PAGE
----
Billing for cerumen removal

Cavitt cavitt at ameritech.net
Fri Oct 2 10:35:22 EST 1998


Jeff,

I am finally writing in reply to your recent e-mail reagrding billing
for cerumen removal. You were right on the money with your comments
regarding this.  I know it is not something that people want to hear but
it is the status of healthcare today.

Medicare, by its very nature, is a federal "medical" insurance plan!! 
In this insurance plan physicians are the "gate keepers" so to speak. 
This is no different than many other third party payers.  All services
paid for by Medicare must be referred by a physician in order to obtain
reimbursement.  I am not saying that I support this or that it is right;
but it is the state of healthcare today!  

Medicare only covers services that are required by a physician to obtain
a diagnosis for a patient.  If you get right down to it Medicare does
not have to pay for any procedure (regardless of whether this is done in
a physician's office or a private practice audiologist's office) once
that diagnosis has been obtained.  This is why I am an advocate of
having every patient sign a "prior notification" prior to rendering any
services.  No procedure is guaranteed to be covered and this
notification covers you.  The Medicare guidelines actually state that
they do not cover "routine" procedures no matter where they are
completed or how they are billed.  They also state that they only cover
the initial procedure based upon the diagnosis given.

When it comes to cerumen removal things even get a little stickier. 
Medicare will not cover cerumen removal if it is completed on the same
date of service as an office visit, hearing evaluation, etc. as they
consider part of those procedures and thus not covered separately.  This
rule applies whether this is billed by a physician or an audiologist.  
Audiologists can only bill for cerumen removal if it is referred by a
physician and is completed as a separate procedure on a separate date of
service from any other audiologic or otolaryngologic procedure or office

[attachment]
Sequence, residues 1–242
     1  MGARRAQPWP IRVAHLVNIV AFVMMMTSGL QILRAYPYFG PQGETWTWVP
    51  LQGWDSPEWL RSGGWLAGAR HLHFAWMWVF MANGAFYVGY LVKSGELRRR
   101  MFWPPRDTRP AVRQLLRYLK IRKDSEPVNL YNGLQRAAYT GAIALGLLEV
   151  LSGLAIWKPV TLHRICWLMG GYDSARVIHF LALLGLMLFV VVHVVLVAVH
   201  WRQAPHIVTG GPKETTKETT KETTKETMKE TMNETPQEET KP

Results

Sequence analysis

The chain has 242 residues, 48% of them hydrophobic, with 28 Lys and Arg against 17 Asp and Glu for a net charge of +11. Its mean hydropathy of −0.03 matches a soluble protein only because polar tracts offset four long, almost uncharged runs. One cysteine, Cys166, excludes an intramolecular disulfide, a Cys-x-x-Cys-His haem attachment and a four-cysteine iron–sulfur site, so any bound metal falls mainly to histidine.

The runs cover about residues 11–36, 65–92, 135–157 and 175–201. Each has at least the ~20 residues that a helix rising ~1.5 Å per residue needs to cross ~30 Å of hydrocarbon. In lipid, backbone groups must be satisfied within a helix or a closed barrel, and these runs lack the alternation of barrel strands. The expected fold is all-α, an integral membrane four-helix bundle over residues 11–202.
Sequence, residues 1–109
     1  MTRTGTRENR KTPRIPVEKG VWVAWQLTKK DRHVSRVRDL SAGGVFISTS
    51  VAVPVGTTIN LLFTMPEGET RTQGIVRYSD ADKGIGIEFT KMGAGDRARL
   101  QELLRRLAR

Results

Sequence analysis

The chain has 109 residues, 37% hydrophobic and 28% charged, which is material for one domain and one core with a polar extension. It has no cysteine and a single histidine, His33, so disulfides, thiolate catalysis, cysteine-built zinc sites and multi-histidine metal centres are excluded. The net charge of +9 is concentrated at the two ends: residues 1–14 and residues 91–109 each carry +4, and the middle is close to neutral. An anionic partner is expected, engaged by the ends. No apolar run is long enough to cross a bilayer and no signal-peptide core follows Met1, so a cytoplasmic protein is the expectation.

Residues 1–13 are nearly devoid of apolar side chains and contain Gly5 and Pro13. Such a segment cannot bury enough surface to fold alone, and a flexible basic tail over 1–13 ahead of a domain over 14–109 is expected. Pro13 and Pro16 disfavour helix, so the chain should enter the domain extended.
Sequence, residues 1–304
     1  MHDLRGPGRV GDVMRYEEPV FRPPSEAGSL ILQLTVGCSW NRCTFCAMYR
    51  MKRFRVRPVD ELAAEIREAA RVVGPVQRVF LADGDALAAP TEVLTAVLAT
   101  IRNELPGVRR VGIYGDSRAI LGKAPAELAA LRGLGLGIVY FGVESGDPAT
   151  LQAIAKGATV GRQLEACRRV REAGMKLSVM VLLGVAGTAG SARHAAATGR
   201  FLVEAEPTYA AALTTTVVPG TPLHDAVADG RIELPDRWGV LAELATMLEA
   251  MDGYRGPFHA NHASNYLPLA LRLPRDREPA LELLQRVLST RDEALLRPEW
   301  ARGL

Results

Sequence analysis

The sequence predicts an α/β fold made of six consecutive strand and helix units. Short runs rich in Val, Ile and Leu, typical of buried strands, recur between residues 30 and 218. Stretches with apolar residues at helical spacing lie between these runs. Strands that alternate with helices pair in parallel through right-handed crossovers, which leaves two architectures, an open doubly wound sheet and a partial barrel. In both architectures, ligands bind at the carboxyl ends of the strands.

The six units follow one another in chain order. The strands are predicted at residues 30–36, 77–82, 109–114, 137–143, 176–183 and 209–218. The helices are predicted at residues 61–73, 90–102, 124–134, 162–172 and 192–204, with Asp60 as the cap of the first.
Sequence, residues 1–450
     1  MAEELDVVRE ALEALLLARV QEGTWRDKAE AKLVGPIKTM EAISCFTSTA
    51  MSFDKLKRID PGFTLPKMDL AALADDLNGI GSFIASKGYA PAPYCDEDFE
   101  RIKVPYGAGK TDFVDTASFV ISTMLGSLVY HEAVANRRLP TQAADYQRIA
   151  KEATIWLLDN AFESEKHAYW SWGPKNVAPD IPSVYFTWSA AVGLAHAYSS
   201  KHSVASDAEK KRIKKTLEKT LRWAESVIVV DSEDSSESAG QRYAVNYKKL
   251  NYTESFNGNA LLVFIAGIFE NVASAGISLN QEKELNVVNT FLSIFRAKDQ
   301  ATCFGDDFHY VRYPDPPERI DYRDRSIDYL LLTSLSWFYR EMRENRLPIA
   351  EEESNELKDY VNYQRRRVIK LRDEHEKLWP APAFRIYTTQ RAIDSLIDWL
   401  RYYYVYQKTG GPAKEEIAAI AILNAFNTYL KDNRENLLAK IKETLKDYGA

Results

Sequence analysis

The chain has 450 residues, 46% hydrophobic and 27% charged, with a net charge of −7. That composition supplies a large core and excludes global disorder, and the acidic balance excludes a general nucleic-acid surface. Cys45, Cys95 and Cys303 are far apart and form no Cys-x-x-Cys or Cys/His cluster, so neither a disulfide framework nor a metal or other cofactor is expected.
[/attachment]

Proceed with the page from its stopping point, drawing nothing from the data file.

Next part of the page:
consult.  Again, I am not saying that this is right but unfortunately
this is how Medicare works!

I agree with Angela Loavenbruck on the point that you need to be aware
of how different policies and states have different requirements and
rules.  I would suggest that you do a little survey and take the time to
call the insurance carriers that you use most frequently and find out
what their rules are when it comes to audiologic coverage for your
setting.  Take it from me it is invaluable information and it will be
very enlightening.

Again, not to be discouraging, HCFA does not have audiologists on its
board.  HCFA is governed by physicians.  This is key!  In order to make
changes we need to have AAA and ASHA team up with AAO or the AMA and see
if they can be of assistance in getting coding and billing changes
enacted.  I am a realist; it is not that I do not want to see and elicit
changes, because I do.  But I also think it is important to know how to
make the current system work for you rather than against you!  I think
we need to start towards autonomy by building up our profession from
within.  We need to stop fighting amongst ourselves and we need to work
together towards common goals.  We need to make our profession more
visible and vital to consumers.  Then and only then will autonomy start
to take shape!!  

I hope I was a little helpful in all of this.  I would be happy to
discuss this further if you would like to.

Kim Cavitt




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